Kwara’s Bloated Labour Force

Abdurahman Abdulrazaq

When are we going to look at ourselves straight in the face and tell ourselves the bitter truth about the danger of Kwara’s unsustainable labour force? When are we going to stop kicking the can down the road? In May 2019 when AbdulRahman AbdulRazaq came on board, one of the earliest conversations Kwara ought to have is what to do with its bloated civil service which has become a social security net rather than exchange of quality service for pay. I am not saying all the workers in the civil service have no business being there. I am saying six in 10 possibly have no business earning from public purse in the name of salary. It is a different thing if we call what these workers earn as bonuses.

Let’s face it: a situation whereby less than one per cent of the populace consumes 75 per cent of monetary allocation to the state is not sustainable. We must face the fact that such practice will continue to hold us back. I am not aware of anywhere in the world where six in every 10 public workers wake up in the morning, take their bath, go to work and all they do between 8am and 5pm is to exchange banters without adding any value to the system that pays them. This is the system we currently have in Kwara State. Yet any attempt to open a discussion on it is met with scorn, blackmail and threats.

We get nostalgic about systems (countries) that work. What is the work ethics there? What’s the employee-employer relation there? How do people get paid? The practice is to pay individual worker based on key performance indicators (KPI). You get paid based on what you bring to the table. Not for coming to work to mark register! That is why those systems are very productive and everyone is happy. What we do here is to pack political loyalists into public service without commensurate service delivery.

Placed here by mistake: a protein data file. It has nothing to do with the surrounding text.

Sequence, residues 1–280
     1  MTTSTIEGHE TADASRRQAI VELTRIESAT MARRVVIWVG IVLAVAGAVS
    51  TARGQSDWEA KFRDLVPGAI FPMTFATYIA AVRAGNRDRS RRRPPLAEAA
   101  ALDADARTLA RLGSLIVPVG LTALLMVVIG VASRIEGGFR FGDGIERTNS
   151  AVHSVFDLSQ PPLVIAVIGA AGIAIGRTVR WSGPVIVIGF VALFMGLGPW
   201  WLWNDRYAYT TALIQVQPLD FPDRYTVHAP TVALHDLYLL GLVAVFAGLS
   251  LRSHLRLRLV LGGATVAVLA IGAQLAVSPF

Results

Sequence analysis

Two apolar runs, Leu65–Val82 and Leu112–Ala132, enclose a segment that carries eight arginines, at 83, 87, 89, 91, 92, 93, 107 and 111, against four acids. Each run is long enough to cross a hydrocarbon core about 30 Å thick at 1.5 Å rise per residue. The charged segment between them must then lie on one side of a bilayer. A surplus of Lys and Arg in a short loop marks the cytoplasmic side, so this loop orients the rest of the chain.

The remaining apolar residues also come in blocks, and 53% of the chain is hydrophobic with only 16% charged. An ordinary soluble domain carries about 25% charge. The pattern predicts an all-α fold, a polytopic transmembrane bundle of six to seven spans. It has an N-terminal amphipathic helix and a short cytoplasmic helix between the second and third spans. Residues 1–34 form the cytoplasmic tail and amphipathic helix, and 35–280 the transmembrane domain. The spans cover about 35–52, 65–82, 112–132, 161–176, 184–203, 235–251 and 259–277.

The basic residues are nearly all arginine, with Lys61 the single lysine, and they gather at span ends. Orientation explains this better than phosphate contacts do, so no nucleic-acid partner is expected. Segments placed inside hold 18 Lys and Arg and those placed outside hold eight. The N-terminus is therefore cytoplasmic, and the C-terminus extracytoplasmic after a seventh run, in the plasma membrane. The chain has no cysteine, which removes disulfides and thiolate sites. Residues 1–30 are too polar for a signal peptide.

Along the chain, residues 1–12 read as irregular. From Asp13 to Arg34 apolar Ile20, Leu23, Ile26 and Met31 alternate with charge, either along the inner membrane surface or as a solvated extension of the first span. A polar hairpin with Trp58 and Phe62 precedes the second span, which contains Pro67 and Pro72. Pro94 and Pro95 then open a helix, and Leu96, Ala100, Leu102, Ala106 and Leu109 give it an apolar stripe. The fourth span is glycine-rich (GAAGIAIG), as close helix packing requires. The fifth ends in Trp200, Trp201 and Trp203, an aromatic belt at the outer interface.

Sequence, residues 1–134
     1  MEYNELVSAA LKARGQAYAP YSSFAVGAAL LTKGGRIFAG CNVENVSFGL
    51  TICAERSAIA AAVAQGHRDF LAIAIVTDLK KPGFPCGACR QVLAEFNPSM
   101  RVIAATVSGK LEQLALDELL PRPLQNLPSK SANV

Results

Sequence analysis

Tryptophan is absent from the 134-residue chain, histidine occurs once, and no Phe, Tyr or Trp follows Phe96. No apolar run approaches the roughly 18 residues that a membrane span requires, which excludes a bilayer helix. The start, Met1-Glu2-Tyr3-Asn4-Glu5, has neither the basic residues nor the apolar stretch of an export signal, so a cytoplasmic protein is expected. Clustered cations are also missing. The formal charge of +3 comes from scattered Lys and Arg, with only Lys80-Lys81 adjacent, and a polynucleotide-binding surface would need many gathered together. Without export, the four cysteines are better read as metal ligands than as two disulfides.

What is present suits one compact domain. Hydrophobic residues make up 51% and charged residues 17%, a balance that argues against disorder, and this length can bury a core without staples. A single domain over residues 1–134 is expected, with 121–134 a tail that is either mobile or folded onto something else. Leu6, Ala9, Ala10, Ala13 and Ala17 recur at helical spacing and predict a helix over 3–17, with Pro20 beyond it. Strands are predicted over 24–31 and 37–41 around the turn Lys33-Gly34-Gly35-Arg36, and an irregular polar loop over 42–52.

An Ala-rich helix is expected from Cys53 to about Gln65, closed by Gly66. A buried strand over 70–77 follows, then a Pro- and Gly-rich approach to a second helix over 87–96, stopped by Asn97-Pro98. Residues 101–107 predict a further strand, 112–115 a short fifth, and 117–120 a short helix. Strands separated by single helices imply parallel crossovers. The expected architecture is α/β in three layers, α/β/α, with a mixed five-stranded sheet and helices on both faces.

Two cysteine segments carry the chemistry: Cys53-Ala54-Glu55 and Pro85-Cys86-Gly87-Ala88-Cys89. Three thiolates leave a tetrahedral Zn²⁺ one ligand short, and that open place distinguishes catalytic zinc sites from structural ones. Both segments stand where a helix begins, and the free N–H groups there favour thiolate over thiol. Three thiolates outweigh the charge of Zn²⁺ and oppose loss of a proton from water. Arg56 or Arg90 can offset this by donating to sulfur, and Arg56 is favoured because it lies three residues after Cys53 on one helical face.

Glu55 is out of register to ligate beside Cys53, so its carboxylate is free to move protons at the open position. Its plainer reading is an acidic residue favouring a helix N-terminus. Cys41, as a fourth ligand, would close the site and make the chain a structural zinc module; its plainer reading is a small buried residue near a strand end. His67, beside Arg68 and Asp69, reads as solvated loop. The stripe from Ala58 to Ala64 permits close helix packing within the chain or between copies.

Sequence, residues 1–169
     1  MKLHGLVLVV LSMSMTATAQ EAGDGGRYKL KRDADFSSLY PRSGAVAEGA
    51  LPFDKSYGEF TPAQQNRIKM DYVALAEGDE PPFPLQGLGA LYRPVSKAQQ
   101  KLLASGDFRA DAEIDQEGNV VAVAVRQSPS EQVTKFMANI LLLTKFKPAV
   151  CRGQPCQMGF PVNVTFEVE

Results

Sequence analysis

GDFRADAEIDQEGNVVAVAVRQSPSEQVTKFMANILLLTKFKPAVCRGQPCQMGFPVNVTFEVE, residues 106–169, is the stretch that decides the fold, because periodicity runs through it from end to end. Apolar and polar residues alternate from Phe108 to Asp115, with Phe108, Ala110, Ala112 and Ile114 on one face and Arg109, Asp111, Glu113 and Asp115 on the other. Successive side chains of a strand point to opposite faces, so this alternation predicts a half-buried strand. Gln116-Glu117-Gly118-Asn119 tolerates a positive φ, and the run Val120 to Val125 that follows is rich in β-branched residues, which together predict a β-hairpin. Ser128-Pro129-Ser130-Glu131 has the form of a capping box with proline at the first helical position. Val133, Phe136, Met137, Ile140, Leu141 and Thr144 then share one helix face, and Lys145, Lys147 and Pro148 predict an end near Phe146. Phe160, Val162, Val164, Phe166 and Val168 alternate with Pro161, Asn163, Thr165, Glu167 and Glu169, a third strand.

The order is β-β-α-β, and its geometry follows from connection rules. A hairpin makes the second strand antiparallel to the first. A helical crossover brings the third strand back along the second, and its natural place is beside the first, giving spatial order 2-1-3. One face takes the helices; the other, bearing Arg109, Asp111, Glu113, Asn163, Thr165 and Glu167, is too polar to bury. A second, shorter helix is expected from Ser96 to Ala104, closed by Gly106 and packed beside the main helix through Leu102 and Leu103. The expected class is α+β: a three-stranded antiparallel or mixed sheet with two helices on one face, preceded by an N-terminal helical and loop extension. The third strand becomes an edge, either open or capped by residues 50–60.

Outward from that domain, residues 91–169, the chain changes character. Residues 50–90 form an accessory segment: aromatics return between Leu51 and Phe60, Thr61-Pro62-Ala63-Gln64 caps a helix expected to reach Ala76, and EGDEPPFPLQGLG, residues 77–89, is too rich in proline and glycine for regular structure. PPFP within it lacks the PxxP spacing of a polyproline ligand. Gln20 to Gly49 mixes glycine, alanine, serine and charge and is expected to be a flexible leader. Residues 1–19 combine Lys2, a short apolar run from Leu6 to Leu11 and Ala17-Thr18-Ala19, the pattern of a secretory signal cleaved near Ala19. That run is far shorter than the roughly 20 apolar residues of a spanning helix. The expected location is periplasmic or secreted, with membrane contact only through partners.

When last did you visit our ministries? What do most of those workers do there? Talking. Most of them are locked in WhatsApp/Facebook chats during work hours. Sometimes it is not because some of them don’t want to work. It is because there is basically nothing to do. They were hired for political reasons. That is a symptom of a rent system which Kwara typifies. Many were employed so that they can earn something at the end of the month to feed themselves and their family. Not because the state was short-staffed. They were not employed to create value and then earn money as a result of the values they have created. It is the reason a teacher cannot write a simple sentence or even communicate in English language, the language of instruction in our schools. Ask yourself: who engaged such fellows and on what criteria? Things were so bad that people were getting employment letter in their homes without writing any application letter or sitting any examination.

The minimum wage madness is with us again and the government is clearly at the mercy of the same mob that creates no value most of the time. I agree a worker deserves decent pay. But such a worker must do something that equals the pay he earns or wants to earn. Is that the situation with us in Kwara?

––Ibraheem Abdullateef,
Kwara State University, Malete